Simondon on technical and cultural objects
In his "On the Mode of Existence of Technical Objects", french sociologist Gilbert Simondon interestingly addresses the flawed distinction between culture and technique:
"Culture has become a system of defense designed to safeguard man from technics. This is the result of the assumption that technical objects contains no human reality. We would like to show show that culture fails to take into account that in technical reality there is a human reality, and that, if it is fully to play its role, culture must come to terms with technical entities as part of its body of knowledge and values. (...) The opposition established between the cultural and the technical and between man and machine is wrong and has not foundation. (...) It uses a mask of facile humanism to blind us to a reality that is full of human striving and rich in natural forces. This reality is the world of technical objects, the mediators between man and nature"
And he goes on be raising an interesting point: art pieces and more aesthetic objects are not criticized in the same way. A painting is part of culture but a robot isn't:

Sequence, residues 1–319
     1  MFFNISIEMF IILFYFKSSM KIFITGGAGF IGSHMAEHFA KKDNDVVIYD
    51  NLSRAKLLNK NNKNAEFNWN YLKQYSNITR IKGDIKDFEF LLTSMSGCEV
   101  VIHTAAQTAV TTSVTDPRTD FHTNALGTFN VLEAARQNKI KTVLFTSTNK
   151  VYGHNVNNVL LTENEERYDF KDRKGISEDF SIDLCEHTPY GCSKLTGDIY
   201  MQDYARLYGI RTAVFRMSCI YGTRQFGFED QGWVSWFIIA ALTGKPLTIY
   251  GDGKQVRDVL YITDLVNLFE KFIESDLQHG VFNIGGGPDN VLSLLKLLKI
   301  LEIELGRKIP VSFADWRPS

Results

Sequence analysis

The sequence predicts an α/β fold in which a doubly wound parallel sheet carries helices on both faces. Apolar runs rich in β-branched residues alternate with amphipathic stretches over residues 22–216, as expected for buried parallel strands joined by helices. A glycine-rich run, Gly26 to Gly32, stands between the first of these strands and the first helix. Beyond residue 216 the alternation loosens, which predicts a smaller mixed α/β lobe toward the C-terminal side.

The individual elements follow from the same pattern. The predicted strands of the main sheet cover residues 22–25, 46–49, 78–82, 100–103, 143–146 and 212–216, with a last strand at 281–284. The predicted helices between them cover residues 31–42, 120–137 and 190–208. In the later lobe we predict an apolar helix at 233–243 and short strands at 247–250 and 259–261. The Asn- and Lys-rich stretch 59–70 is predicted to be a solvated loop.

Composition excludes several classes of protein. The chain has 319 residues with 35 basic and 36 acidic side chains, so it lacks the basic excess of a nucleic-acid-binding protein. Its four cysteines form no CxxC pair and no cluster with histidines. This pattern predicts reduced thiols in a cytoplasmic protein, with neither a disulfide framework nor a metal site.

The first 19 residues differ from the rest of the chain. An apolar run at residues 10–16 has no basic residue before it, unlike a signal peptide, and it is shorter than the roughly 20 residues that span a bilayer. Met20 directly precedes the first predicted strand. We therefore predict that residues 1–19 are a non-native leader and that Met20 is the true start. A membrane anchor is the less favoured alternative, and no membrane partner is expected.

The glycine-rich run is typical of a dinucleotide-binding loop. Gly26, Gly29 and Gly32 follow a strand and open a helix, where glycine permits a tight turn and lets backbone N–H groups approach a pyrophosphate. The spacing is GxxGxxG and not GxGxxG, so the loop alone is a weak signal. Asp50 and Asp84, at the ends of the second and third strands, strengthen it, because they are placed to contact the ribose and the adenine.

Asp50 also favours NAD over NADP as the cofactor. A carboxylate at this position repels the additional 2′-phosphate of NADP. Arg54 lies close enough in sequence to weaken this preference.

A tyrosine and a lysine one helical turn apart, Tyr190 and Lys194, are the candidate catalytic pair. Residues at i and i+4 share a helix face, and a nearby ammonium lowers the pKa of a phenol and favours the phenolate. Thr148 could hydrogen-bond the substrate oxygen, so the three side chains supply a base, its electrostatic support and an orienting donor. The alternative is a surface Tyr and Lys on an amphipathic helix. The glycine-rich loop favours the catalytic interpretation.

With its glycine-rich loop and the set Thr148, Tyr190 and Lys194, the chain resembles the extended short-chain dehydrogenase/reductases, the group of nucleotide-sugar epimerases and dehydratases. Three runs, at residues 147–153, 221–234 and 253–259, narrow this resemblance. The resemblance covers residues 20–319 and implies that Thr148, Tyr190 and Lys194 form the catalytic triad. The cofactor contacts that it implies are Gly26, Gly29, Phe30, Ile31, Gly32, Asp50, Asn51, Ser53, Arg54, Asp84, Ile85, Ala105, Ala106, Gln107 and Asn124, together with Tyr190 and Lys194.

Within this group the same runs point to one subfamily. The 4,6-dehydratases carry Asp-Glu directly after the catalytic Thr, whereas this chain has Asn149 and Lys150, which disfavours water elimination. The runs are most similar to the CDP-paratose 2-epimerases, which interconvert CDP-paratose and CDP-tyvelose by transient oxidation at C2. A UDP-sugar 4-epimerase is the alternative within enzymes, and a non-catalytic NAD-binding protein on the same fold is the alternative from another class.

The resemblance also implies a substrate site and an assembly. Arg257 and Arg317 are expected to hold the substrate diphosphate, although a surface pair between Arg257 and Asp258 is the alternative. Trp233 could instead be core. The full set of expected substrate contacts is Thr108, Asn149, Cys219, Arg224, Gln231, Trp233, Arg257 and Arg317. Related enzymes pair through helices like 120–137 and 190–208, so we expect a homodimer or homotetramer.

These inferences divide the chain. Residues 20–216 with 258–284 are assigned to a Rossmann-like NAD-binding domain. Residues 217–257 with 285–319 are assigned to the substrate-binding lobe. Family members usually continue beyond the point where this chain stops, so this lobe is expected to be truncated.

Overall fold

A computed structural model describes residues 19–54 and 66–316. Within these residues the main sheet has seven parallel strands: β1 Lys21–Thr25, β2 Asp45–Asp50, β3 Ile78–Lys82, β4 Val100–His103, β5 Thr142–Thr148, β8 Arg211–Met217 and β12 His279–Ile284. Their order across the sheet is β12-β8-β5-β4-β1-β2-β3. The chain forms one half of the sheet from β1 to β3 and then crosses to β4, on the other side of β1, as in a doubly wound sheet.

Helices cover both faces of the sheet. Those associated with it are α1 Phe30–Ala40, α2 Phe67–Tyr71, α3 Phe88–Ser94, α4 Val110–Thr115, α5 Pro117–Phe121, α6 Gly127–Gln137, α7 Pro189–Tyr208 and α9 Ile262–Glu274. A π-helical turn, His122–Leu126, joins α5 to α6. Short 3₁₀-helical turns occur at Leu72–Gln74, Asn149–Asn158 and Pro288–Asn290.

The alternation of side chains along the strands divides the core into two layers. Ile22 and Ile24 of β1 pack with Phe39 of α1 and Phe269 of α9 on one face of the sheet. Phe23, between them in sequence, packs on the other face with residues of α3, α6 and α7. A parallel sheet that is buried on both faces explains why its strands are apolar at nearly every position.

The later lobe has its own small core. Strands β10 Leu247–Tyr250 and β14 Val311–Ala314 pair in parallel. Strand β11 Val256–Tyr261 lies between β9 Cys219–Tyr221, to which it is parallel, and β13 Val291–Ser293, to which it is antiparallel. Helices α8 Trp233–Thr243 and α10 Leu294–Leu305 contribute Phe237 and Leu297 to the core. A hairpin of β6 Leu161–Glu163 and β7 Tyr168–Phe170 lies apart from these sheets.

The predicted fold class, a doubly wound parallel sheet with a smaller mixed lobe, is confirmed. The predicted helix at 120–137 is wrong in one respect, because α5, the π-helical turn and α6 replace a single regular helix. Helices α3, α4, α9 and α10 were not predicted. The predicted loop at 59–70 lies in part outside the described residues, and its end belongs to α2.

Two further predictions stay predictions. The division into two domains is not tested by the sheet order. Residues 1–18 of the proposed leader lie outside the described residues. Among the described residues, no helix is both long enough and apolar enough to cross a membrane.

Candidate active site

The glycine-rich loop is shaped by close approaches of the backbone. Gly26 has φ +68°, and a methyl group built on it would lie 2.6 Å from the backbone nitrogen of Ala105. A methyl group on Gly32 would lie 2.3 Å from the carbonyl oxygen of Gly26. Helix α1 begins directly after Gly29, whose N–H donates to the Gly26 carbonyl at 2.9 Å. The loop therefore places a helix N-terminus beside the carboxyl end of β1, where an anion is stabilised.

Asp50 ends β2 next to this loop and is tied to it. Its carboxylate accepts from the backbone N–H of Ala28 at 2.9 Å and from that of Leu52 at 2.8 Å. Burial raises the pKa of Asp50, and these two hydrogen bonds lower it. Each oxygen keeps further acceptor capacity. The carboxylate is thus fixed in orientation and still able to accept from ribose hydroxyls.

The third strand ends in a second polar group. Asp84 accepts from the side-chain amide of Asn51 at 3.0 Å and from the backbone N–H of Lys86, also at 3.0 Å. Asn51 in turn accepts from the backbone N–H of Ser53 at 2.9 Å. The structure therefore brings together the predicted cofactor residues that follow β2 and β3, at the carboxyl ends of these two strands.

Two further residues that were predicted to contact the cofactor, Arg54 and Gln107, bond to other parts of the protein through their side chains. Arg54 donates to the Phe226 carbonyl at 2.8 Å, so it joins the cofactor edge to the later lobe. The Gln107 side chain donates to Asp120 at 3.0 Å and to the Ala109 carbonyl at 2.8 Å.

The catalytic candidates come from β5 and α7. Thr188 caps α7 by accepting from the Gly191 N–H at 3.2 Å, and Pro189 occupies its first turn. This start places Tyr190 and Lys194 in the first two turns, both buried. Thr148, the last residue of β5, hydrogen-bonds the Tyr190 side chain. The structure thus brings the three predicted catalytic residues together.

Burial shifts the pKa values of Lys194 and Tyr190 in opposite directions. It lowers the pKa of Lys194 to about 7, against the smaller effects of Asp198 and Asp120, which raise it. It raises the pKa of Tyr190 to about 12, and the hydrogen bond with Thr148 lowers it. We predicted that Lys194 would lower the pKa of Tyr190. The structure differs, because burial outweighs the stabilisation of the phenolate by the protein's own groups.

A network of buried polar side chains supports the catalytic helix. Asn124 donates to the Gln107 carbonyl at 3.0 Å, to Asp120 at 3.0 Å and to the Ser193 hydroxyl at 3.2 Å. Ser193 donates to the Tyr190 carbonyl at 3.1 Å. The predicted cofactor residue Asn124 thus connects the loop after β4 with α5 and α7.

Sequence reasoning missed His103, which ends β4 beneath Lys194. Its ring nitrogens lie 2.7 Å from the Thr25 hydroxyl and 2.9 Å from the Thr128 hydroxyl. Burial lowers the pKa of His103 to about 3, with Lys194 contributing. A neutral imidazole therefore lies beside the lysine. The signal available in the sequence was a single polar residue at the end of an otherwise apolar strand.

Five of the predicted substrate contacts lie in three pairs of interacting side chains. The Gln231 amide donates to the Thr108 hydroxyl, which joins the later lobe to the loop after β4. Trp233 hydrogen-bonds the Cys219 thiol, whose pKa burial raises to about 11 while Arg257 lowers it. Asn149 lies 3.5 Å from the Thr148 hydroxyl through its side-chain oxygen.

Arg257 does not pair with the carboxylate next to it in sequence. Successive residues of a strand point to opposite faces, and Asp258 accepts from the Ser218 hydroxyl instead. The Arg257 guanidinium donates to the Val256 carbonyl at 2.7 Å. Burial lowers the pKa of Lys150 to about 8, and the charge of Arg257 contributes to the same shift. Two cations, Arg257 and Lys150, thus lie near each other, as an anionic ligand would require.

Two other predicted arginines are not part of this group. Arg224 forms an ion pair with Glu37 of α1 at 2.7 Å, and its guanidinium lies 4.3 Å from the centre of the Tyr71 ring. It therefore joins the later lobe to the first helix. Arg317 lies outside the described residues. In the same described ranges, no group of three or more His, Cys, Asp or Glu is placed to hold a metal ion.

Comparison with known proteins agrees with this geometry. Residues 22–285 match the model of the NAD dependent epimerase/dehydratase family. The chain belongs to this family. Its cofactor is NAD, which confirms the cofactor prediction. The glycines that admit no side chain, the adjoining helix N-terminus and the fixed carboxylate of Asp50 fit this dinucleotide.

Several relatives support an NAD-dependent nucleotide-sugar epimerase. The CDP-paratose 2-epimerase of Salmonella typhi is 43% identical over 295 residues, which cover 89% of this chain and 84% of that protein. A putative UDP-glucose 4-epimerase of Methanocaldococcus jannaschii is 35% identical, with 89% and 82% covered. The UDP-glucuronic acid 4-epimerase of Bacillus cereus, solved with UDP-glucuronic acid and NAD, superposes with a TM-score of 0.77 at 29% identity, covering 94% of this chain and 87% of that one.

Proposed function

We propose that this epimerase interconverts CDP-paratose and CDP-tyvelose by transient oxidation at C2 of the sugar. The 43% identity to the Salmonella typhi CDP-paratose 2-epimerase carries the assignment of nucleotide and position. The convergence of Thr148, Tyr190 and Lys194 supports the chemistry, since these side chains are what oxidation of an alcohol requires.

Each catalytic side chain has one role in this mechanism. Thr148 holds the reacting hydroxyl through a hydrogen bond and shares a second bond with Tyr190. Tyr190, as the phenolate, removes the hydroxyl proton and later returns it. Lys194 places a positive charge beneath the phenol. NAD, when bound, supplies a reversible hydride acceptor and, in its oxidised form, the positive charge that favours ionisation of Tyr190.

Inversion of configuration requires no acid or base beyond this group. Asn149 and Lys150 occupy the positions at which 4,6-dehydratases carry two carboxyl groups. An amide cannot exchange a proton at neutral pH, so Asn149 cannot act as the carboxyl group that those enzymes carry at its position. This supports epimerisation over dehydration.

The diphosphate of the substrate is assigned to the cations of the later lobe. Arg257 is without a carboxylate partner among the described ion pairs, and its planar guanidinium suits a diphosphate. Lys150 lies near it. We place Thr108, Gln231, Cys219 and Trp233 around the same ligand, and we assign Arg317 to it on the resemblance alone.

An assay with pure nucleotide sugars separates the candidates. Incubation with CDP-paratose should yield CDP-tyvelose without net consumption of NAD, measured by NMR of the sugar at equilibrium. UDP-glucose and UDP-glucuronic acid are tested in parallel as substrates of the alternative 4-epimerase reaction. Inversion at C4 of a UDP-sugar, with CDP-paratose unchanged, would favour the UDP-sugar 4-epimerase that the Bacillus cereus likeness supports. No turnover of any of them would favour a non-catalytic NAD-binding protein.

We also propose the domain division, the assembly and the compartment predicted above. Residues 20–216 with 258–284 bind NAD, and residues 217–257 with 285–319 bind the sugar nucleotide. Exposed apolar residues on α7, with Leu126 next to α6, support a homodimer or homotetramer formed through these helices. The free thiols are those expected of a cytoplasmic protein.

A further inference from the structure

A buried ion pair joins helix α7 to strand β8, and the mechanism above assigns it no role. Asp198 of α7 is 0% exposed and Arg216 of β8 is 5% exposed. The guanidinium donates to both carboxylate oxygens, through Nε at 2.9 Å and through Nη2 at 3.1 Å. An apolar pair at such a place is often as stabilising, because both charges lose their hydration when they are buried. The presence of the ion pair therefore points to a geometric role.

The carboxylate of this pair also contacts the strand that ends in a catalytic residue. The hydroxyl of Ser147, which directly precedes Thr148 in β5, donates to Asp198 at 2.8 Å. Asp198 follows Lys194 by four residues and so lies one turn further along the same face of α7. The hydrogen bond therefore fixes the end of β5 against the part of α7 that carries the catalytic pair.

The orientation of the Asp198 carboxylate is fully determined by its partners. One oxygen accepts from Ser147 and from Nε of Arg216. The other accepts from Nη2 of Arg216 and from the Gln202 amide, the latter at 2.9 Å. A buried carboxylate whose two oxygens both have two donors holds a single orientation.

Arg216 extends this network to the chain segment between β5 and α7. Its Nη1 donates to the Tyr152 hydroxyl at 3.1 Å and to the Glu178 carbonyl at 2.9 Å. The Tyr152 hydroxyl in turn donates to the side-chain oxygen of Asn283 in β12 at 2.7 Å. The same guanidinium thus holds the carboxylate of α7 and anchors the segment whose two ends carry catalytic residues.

"Culture is unbalanced because, while it grants recognition to certain objects, for example aesthetics things, and gives them their due place in the world of meanings, it banishes other objects, particularly technical things, into the unstructured world of things that have no meaning but do have a use, a utilitarian function. (...) Our culture this entertains two contradictory attitudes to technical objects. On the one hand, it treats them as pure and simple assemblies of material that are quite without true meaning and that only provide utility. On the other hand, it assumes that these objects are also robots and that they harbor intentions hostile to man, or that they represent for man a constant threat of aggressions or insurrection."
Why do I blog this? Simondon is always refreshing and his writings (not very common in english) quite pervaded sociology and philosophy nowadays (Bruno Latour, Bernard Stiegler) and theories such as ANT. What I find relevant here is the importance of locating technique (i.e. technologies) where it belongs and not distinguish from other human-based creation.